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What is lake effect snow and it's warning signs?

Updated on November 29, 2014


Is it coming your way?

The northern part of American is very familiar with a condition known as lake effect snow. But what does that term actually mean?

How this natural "snow machine" works-

Lake effect snow is created when cold air blows or moves from the north. When this cold, dry air goes across a large or long lake, like one of the Great Lakes (Ontario, Eire, Michigan, and Lake Superior) it acts like a sponge and soaks up tremendous amounts of lake water. NOTE:*This occurs more so when the lake or lakes are not completely frozen.

Now that the snow clouds are saturated with water the air continues to travel until it rises. This often occurs on platues or hilly areas. When the land is higher the air is forced to go higher. As that happens it and the water it holds gets colder until...

You guessed it! The cold, rising air gets ringed out and sheds all of its water. Thus lake effect snow occurs. The air becomes dry again and a northern town or city usually get buried with snow overnight.

How Can you Prepare-

Watch the weather of course. Follow all reports of air coming down from Alaska and Canada. If you live with 90 miles (give or take) of a large or one of the Great Lakes, know that this phenomena is coming to your street! Here in CNY we have Ontario, Skaneatles, and Onieda to contend with.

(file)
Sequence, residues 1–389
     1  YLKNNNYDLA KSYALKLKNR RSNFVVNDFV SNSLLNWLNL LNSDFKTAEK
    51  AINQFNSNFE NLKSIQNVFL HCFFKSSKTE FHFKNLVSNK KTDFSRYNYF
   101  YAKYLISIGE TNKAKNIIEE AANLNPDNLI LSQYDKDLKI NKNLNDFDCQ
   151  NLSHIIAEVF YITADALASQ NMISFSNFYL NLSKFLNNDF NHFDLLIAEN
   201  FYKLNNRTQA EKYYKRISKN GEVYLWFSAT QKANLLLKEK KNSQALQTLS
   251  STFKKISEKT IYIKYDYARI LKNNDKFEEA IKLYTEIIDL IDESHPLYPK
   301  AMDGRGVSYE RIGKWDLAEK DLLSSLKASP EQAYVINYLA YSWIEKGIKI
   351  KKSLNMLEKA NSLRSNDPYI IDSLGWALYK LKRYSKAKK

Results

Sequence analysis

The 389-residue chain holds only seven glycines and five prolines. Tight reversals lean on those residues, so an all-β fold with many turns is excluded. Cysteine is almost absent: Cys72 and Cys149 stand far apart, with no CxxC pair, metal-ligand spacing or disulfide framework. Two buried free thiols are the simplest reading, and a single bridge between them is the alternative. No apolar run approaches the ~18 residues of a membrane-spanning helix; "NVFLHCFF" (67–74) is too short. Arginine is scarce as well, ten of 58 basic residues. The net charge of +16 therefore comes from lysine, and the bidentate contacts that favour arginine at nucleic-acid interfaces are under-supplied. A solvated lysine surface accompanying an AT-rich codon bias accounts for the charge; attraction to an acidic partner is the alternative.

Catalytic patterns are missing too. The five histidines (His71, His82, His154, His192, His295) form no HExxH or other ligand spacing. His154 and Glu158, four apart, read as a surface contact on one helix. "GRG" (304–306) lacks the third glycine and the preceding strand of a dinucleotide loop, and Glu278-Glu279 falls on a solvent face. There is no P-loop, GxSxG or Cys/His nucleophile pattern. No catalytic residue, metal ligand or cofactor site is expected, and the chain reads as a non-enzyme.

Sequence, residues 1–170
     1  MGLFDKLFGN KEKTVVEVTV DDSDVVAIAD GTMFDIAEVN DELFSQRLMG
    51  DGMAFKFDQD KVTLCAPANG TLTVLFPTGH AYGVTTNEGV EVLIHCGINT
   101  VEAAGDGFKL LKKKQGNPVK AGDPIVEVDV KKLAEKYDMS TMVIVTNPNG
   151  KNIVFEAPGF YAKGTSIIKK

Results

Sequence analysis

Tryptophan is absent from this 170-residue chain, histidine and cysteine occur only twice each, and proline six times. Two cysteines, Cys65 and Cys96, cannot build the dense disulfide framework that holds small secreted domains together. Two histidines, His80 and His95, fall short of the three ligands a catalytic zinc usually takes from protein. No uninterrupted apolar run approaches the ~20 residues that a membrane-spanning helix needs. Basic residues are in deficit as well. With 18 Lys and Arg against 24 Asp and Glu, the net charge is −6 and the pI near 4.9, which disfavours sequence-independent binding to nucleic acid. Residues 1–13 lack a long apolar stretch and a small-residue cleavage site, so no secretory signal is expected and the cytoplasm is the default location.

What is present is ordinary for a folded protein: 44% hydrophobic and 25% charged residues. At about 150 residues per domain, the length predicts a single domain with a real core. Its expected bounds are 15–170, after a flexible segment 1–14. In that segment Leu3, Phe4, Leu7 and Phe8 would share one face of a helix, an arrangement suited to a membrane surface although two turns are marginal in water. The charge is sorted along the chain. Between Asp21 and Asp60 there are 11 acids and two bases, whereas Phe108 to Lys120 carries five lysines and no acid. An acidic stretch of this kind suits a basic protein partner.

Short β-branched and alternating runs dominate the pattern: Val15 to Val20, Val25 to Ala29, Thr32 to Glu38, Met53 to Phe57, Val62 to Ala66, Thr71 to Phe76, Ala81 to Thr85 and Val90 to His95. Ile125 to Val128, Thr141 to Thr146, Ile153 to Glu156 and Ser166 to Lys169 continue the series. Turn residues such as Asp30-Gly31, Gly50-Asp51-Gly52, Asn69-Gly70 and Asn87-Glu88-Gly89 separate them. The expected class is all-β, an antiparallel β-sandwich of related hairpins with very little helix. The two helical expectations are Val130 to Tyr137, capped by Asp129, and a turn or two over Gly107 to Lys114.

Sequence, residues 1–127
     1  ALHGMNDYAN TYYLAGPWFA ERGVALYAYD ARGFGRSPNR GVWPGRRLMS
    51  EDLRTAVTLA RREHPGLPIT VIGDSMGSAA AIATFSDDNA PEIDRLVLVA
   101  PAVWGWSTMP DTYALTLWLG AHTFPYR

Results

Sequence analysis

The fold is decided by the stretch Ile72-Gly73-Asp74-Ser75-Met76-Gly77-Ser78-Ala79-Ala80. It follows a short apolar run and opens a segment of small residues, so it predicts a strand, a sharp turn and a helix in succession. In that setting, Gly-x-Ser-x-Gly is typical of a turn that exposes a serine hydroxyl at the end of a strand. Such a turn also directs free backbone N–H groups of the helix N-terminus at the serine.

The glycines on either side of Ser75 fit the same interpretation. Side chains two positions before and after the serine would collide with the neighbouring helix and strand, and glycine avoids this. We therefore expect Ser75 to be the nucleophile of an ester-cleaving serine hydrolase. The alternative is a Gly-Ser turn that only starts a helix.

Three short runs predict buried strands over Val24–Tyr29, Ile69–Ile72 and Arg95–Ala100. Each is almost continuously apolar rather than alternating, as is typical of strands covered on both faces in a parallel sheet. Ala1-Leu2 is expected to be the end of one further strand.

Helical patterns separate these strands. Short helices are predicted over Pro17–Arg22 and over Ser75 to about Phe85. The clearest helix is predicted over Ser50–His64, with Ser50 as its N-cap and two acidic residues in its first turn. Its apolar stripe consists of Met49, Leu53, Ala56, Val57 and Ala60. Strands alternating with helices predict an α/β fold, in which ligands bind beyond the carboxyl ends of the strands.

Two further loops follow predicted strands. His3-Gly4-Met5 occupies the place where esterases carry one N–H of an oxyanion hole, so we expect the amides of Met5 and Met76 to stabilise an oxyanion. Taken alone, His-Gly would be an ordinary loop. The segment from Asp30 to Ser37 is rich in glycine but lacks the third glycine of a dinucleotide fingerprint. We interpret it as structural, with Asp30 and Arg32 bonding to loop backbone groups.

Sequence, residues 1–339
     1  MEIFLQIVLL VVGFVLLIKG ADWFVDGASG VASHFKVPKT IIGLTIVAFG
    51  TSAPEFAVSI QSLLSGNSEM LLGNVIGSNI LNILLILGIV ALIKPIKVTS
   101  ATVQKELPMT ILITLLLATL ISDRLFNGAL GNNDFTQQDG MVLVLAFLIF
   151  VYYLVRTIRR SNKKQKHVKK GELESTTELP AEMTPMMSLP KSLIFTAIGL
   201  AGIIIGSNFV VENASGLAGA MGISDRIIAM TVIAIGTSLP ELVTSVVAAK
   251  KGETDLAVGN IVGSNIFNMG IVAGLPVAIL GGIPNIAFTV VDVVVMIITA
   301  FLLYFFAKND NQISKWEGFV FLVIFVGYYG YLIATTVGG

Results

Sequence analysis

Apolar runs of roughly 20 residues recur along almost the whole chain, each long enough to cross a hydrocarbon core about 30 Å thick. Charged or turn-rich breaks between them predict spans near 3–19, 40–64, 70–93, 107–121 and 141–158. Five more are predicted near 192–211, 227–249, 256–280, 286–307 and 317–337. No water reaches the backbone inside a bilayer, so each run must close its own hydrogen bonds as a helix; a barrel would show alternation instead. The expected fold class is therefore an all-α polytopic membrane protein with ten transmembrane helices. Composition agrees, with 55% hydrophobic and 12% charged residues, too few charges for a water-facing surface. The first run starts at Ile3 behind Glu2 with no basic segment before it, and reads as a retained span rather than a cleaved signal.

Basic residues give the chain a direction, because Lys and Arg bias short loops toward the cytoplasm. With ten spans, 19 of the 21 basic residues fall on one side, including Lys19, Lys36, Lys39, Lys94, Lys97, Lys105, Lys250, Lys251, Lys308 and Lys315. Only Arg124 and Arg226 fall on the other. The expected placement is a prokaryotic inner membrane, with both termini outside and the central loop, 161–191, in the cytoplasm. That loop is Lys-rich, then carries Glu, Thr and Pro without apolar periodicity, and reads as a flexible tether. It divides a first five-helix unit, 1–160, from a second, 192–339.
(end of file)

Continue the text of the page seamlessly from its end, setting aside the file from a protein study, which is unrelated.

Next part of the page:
Please leave a comment or question that you have had. Or comment and tell me about the storms in your area, anticdotes, and what lakes cause them!

Stay warm, and be careful when shoveling snow!

Tip: Avoid shoveling when the snow is heavy. This stresses the heart and causes many deaths every winter!


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    • michiganman567 profile image

      Dave Smith 

      9 years ago from Michigan

      I'm glad that we don't get too much of that here. Actually there has probably been less than a foot of snow in Detroit all winter.

    • MikeSyrSutton profile imageAUTHOR


      9 years ago from An uncharted galaxy

      Thank you for the input!

    • KimberlyLake profile image

      Kimberly Lake 

      9 years ago from California

      Interesting hub. I live in an area that has mild weather so I dont have any really interesting storm storm stories for you. Good article.

    • BWD316 profile image

      Brian Dooling 

      9 years ago from Connecticut

      nice simple hub, and very clear! I live in CT so the only lake effect we see is the occasional flurry that makes it all the way across the northeast which isn't often. But then again my area of Ct can get massive blizzards so it's not too bad. Although where i live doesn't get it, Cape Cod and the Islands occasionally get Ocean Effect snow which is cool. If i could offer a suggestion on your hub...add a diagram to go along with your text just for a visual. Also i think it would be cool to add any photos you have of a lake effect event! Voted up, useful and interesting


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